Why Brits are warming to Matt Hancock
The decent British public has risen up against the nasty Hancockphobia of the elites.
I love a plot twist. And this year’s I’m a Celebrity… Get Me Out of Here! gave us a huge one. Those in the smart set assured us that Matt Hancock would finally get the drubbing he deserves. You could almost hear them licking their lips at the prospect of the former health secretary being put in the modern stocks and having all manner of gunk and insect life dumped on his dumb head at the behest of the vengeful public. Finally, Hancock will be humiliated! He will receive the retribution he so justly deserves! Only that isn’t what happened. Au contraire, it is they who’ve been humiliated. The fashionable Hancock-haters. They might not have been forced to eat camel dick but they’ve definitely had to scoff a generous slice of humble pie.
Because it turned out that people quite liked Matt Hancock. He even got to last night’s final, coming third behind young actor Owen Warner and the impossibly lovely footballer, Jill Scott, who won. Sure, Hancock was chosen by the public to do most of the early trials, meaning we saw the man who was in charge of the health of the nation during the Covid crisis tucking into a sheep’s vagina, drinking blended mealworms, and getting doused in slime and custard and feathers. But if it really was vengeance that drove people to vote for Hancock to be subjected to the jokey daily debasements – I’m sceptical; I think people were just having a laugh – then that vengeance soon dissipated. Before long, viewers were complaining about what they saw as the bullying of Hancock by some of the other contestants, especially Boy George and TV journalist Charlene White, who sniffily asked Hancock why he was on the show and refused to stay in the RV with him. White was voted off first.
It isn’t hard to see why Hancock is a controversial figure. He messed up as health secretary, especially with care homes during the pandemic. And it turned out he was getting his end away with his mistress while the rest of us were being firmly advised – by him! – not to mingle with people outside the ridiculous ‘bubbles’ we were forced to live in. ‘You were grabbing booty, bruv!’, as comedian Babatunde Aleshe said to Hancock in the jungle. But if Brits dislike a dishonest politician, it seems they dislike the vindictiveness of the elites even more. As one observer put it, the ‘viewer complaints that [Hancock] was being bullied’ are a reminder that ‘Brits like an underdog’. We were told to seize this opportunity to persecute Hancock for the sins and screw-ups of lockdown, but instead we saw a nerdy, over-earnest trier being treated pretty shoddily by his campmates – not to mention the demented Tory-bashers of the Twitterati – and we didn’t like it. The decency of the public thwarted the malice of the opinion-forming set.
What we’ve witnessed is the breaking of received opinion on the wheel of public opinion. The crashing of the media elites’ delusional view of Mr Hancock as the embodiment of evil against the public’s cooler, calmer view that things are more complicated than that. No, this doesn’t mean the nation has been converted en masse to Hancock fandom. Many will still be pissed off at him for the Covid stuff, the affair, the very fact that a sitting MP took three weeks off to chow down on animal bollocks in the Australian jungle, all in an attempt to become more famous. But I do think many bristle at the elite fad for singling out certain individuals as incarnations of social and moral rot and then subjecting them to the neverending torment of Twitter-shamings and weekly aristocratic maulings by Marina bloody Hyde. It’s just a bit shallow and mean, isn’t it? Also, who could fail to be cheered on these cold winter nights by the vision of the irritating Chris Moyles being voted out of the jungle and crying: ‘I’m gutted that Matt Hancock is more popular than me, what the bejesus is going on?’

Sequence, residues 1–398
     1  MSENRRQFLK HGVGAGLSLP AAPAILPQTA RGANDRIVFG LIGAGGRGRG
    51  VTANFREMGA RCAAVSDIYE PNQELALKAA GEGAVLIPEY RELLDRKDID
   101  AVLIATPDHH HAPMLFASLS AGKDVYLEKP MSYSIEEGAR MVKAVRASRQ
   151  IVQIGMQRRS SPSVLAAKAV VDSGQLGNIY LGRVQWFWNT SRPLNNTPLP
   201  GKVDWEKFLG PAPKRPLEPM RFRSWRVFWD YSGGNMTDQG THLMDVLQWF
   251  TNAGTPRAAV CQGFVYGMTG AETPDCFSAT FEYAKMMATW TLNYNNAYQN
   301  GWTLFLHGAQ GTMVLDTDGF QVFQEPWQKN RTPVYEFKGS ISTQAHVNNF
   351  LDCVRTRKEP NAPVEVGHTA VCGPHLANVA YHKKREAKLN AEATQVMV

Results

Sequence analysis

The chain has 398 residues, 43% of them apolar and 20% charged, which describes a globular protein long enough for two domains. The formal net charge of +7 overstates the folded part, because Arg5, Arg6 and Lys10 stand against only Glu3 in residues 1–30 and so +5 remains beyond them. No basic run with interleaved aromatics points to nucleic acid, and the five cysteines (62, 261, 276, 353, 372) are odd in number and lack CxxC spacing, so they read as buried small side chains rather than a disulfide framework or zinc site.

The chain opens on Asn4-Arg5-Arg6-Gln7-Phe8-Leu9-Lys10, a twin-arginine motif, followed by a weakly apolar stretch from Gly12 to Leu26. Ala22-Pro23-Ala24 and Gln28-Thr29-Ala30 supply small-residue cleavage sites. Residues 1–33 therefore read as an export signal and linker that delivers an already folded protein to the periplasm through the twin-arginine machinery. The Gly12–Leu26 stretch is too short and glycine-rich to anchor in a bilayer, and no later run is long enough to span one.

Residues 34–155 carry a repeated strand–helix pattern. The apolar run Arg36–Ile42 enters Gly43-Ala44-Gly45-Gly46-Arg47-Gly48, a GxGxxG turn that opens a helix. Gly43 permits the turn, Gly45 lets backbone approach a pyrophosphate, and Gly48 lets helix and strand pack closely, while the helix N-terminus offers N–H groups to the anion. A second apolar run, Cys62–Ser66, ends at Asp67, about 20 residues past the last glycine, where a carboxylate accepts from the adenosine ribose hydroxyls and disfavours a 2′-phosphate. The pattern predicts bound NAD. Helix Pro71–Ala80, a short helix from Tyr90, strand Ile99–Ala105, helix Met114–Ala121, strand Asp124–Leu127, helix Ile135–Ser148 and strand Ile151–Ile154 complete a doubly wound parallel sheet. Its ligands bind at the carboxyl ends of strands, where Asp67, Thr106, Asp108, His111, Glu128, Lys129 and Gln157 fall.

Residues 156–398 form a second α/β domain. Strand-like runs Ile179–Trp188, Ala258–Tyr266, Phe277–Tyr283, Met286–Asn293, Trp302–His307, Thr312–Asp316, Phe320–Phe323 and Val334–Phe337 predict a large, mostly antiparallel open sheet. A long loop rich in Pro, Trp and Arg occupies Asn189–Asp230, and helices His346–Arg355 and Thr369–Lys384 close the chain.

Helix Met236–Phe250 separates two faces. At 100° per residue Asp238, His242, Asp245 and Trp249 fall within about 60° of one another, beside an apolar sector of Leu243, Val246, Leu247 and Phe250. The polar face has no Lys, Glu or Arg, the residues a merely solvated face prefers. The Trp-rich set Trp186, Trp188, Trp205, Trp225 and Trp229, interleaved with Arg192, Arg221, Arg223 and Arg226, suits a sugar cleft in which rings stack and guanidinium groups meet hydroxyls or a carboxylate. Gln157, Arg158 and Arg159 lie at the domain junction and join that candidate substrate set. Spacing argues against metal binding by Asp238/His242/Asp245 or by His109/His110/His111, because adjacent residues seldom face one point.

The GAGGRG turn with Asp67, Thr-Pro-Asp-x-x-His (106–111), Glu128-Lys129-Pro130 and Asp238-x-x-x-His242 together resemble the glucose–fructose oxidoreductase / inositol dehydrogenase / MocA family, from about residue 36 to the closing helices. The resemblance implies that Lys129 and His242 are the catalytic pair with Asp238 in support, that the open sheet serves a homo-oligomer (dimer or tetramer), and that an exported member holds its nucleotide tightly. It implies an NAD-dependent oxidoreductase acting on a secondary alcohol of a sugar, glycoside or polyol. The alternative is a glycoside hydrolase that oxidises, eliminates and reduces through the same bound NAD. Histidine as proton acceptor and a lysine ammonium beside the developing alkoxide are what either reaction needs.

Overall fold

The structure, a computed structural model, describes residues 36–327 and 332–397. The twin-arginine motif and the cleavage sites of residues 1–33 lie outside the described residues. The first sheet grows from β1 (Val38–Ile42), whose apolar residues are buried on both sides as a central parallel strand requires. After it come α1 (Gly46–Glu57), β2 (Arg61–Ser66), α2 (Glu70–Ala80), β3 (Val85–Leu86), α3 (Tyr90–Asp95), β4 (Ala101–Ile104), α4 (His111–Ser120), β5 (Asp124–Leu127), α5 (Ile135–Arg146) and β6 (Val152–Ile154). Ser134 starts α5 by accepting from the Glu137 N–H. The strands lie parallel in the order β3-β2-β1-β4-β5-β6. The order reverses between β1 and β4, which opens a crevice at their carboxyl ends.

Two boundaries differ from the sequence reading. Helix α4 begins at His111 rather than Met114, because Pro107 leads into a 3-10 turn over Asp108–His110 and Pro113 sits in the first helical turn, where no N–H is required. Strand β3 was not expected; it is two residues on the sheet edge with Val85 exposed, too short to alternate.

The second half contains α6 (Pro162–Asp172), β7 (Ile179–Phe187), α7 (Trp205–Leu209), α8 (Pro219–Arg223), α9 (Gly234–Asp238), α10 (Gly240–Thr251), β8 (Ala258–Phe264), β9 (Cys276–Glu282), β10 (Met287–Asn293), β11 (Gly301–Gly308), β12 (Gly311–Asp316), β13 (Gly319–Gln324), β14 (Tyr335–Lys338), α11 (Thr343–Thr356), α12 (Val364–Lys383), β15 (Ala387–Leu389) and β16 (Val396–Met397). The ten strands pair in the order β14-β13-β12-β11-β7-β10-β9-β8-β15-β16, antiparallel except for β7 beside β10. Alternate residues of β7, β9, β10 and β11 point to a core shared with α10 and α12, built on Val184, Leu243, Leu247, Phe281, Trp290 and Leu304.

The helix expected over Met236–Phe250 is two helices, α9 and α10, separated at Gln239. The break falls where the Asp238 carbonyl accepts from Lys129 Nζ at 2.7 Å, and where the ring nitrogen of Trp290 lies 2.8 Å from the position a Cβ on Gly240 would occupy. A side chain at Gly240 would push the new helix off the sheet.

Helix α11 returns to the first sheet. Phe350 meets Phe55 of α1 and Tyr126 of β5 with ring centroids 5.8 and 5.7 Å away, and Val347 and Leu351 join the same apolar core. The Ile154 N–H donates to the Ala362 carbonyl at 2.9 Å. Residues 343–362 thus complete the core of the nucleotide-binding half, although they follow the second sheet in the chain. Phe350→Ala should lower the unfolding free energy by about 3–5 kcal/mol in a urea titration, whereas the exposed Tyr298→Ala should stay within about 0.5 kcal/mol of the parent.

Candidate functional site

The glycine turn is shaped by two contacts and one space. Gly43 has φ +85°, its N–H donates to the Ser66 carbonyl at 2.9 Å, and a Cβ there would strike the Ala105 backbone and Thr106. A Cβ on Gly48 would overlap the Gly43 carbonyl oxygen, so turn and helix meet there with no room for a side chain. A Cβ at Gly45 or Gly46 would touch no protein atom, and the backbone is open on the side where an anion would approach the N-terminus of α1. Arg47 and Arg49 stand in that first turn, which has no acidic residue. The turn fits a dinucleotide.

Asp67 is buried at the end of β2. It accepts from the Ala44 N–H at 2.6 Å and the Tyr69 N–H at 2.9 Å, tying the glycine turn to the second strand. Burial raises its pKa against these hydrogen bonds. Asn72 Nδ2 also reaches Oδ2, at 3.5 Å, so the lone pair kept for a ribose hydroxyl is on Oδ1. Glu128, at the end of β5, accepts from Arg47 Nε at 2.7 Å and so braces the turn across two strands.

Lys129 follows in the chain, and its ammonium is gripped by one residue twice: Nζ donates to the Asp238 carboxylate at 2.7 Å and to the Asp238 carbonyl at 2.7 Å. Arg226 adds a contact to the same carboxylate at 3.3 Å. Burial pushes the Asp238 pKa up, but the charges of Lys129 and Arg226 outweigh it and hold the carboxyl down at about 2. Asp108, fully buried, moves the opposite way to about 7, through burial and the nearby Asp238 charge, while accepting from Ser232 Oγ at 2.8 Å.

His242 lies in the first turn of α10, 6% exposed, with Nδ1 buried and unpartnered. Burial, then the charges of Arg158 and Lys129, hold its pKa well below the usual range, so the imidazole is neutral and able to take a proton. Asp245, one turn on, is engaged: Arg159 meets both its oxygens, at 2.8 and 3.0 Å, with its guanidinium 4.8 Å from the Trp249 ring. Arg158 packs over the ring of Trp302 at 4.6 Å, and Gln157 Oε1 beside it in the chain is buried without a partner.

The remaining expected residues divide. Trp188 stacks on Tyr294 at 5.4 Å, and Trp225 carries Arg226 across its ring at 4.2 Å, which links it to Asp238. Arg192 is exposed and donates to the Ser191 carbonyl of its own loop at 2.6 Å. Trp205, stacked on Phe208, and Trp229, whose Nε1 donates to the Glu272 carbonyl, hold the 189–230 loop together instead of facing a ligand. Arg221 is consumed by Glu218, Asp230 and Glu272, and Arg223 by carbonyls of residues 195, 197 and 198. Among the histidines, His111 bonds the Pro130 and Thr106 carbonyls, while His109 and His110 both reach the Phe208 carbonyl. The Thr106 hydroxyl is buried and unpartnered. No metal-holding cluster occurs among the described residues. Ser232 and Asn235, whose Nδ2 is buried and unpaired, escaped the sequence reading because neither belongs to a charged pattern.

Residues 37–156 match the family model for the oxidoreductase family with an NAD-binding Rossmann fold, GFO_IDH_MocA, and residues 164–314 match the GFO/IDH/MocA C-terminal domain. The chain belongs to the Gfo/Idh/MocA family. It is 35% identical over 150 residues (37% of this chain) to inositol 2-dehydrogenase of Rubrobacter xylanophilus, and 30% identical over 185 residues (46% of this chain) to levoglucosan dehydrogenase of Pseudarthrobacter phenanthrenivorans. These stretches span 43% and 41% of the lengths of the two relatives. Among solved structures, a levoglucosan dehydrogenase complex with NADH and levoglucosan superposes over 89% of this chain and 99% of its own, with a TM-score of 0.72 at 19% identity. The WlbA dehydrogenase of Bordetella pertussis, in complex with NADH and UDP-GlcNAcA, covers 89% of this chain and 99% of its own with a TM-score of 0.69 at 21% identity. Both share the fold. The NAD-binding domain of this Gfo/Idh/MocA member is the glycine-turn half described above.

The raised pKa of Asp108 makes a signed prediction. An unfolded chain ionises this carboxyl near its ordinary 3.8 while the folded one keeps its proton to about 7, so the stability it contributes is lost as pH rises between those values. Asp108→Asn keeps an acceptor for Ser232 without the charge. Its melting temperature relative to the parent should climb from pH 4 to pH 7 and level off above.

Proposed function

So it’s not only that people sympathise with an underdog, and Hancock was certainly that in the camp. It’s also that we know that politics is too complicated a business for its crimes and bungles to be blamed on one bloke. Consider the care-homes scandal. That really was a scandal. But it isn’t only Hancock who should answer for it. It’s also SAGE and the government more broadly and virtually the entire media, all of whom spent early 2020 barking: ‘Follow the science! Shut everything down! Free up the hospitals!’ To single out Hancock is to overlook the most striking and distressing thing about the lockdown era: the sheer groupthink of the elites; their unabashed marshalling of the politics of fear; their harrying of dissenting voices. Hancockphobia doesn’t only smack of meanness, then – it’s also an ahistorical, anti-intellectual pursuit that ends up letting off vast swathes of the establishment for their fretful lockdown authoritarianism in favour of childishly crying: ‘We hate Matt!’
The anti-Hancock mob is fuming that we dared to deviate from its instructions. Twitter is awash with hate for the thick masses following last night’s I’m a Celeb final. This is ‘why the British public should not be trusted with a vote’, apparently. ‘Gullible fucking idiots’, is their diagnosis of the TV-watching throng. It’s hilarious: they thought evil Toryism would be taken down a peg or two in that Aussie jungle, but in fact it’s their cultural power that has been called into question. Their power to ignite witch-hunts, to march the masses to their drumbeat, to organise a public shaming of a politician in order to distract attention from their own shame at having uncritically supported such atomising, authoritarian measures. The shocking truth about Hancock is that he seems like a pretty nice guy. Sadly, the same cannot be said for some of his haters.
Picture by: YouTube / I’m A Celebrity… Get Me Out Of Here!.